It was a beautiful Florida morning. Not a cloud in the sky, still early enough before the rest of the world took its first breath, and perfect for the beach. Armed with a writing pad, a book I had yet to finish, lotion, and a chair, I bounded for one of my favorite spots isolated enough where I knew I could set up shop right in front of the ocean without having to hear anything other than the lap of waves, the rustle of grape trees, and the call of seabirds. At least for a few hours, anyway.
As I mentioned, it was early and I wasn’t expecting to find anyone else there. However, there was someone else there. Someone I knew well and hadn’t spoken to in over 10 years. I pushed aside the awkwardness of the moment and the reasons that pulled us apart and just settled my chair beside hers, where a conversation began and the details of our lives — what we’d been doing, where we were now — flowed out.
For what felt like hours, I sat there listening to everything she had to say. She had recently turned 65, and despite all her monetary wealth, two successful daughters, and the impending birth of her first grandchild, she was not happy. A deep hole existed where there should have been nothing but joy. This was not something I could tell her. I did not live her life. I did not see where she began, what she had envisioned for herself, those paramount things she hoped to achieve.
Taking stock is a reality check. It’s something we all go through at some point, if not many points, over the course of our lives. And while I’m not certain they’re always productive assessments, I believe they’re absolutely crucial in helping us stay on track.
A feat which, for most of us, is not always an easy thing to do.
When one friend turned forty, he suffered a heart attack. Another quit his job and went to work for Starbucks. And although I personally never experienced a midlife crisis, per se (well, not the kind anyway that entails trashing your clothes, liquidating your 401(k) to buy a sports car, or giving yourself a do-over with Miss Clairol Pink #3), I did however wind up around that same 40 mile-marker in the throes of a divorce and menopause, two messy hardships I did not ask for. They were the two hardships that would drive any normal woman way off the deep end.
So deep there were days I forgot to breathe. I forgot my children, and they forgot about me. But somehow I got through it. Goo Goo G’joob hallelujah. I survived my 40s, my 50s seemingly intact, and now that I’m here at the 60-plus stage over the proverbial hill sitting on a Cornflake waiting for the van to come, I can finally, honestly say I like where I am. I like who I am. Cellulite, age spots, jiggly bat underarms and all.
Yes, I stopped fighting that mothership a long time ago. When shit happens around you, when those you love die, a ground-breaking seed inside your head grows. And like a breath of fresh air, the I’m-going-to-set-the-world-on-fire kind of dreams that once consumed you are thrust elsewhere. On your children and your grandchildren for the simple reason that you’re just so happy to be alive.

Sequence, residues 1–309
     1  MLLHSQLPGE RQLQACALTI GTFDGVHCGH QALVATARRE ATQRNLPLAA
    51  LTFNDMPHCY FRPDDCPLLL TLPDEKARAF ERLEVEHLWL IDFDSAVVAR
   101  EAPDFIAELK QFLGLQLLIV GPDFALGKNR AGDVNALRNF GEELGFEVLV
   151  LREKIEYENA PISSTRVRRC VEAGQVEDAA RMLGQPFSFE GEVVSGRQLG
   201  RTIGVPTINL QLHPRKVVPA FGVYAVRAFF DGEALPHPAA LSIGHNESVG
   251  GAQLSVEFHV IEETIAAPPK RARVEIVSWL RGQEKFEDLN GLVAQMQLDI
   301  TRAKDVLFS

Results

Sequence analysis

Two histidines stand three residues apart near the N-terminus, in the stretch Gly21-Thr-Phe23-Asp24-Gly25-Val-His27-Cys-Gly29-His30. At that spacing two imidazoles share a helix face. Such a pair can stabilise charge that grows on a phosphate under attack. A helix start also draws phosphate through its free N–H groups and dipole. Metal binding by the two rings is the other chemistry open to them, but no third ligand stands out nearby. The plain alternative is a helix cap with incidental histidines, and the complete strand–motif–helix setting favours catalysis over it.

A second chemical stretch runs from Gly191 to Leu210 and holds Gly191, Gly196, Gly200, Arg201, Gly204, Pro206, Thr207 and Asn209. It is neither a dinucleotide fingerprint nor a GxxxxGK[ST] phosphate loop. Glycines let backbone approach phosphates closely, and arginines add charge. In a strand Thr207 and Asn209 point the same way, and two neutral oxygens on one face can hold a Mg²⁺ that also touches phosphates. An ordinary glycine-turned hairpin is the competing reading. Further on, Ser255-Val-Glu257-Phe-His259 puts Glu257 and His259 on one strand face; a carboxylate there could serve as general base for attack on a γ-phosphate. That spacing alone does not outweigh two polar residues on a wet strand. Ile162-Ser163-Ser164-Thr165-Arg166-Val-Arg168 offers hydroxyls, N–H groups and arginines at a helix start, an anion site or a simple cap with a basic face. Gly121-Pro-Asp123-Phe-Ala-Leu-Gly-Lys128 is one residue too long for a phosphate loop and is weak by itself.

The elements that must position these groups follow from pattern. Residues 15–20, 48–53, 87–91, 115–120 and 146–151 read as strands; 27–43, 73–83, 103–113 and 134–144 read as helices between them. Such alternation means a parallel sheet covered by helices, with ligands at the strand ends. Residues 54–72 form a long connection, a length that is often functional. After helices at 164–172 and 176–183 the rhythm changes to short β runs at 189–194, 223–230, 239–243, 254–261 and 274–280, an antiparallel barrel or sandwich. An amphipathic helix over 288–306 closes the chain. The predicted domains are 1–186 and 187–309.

Joan Didion summed it up best when she wrote, “I no longer want reminders of what was, what got broken, what got lost, what got wasted.”
So much of our time is spent analyzing parts of our existence that have become nothing more than wreckage upon a shore. Things that can never be undone. Things that are only holding us back.
I hope you realize this sooner rather than later. I hope everything that bogs down your life, that keeps that hole in your heart from filling, falls away with the simple understanding that what matters most is what lays ahead. And the only person you have to make happy is yourself.
Three years ago, after struggling with life butting in, with blank pages, with characters who wanted to tell a much different story than the one I intended, I finally completed my first book. It was the ultimate cherry. The sense of accomplishment that had eluded me for so long. And the interesting thing is, looking back, I realized it could have happened a lot sooner had I simply understood the difference between writing for others and writing for myself. The flower of relevancy blooms from within.
I believe it takes great passion and great courage to live your life out loud with the sort of honesty of mind where things that feel shallow sink and things that feel true float upon the surface as you give voice to all those inner frailties that make us human. Because we’re all screwed up to some degree or another, and I don’t see anyone exempt from this messy pool of mankind. Not you, not me, not even Mr. Rogers with that snappy sweater and picture-perfect neighborhood of his.
Look, all I’m saying is that the closer we get to our number being called, re-adjust the lens. Ride the peace train of happiness wherever it takes you. And if that means crusading for the homeless, opening a cupcake shop, knitting sweaters for Etsy, swimming the Atlantic, or retiring to the west coast of Florida with all your Jujubes still intact, then by all means, go for it!
Me? I’m writing another book.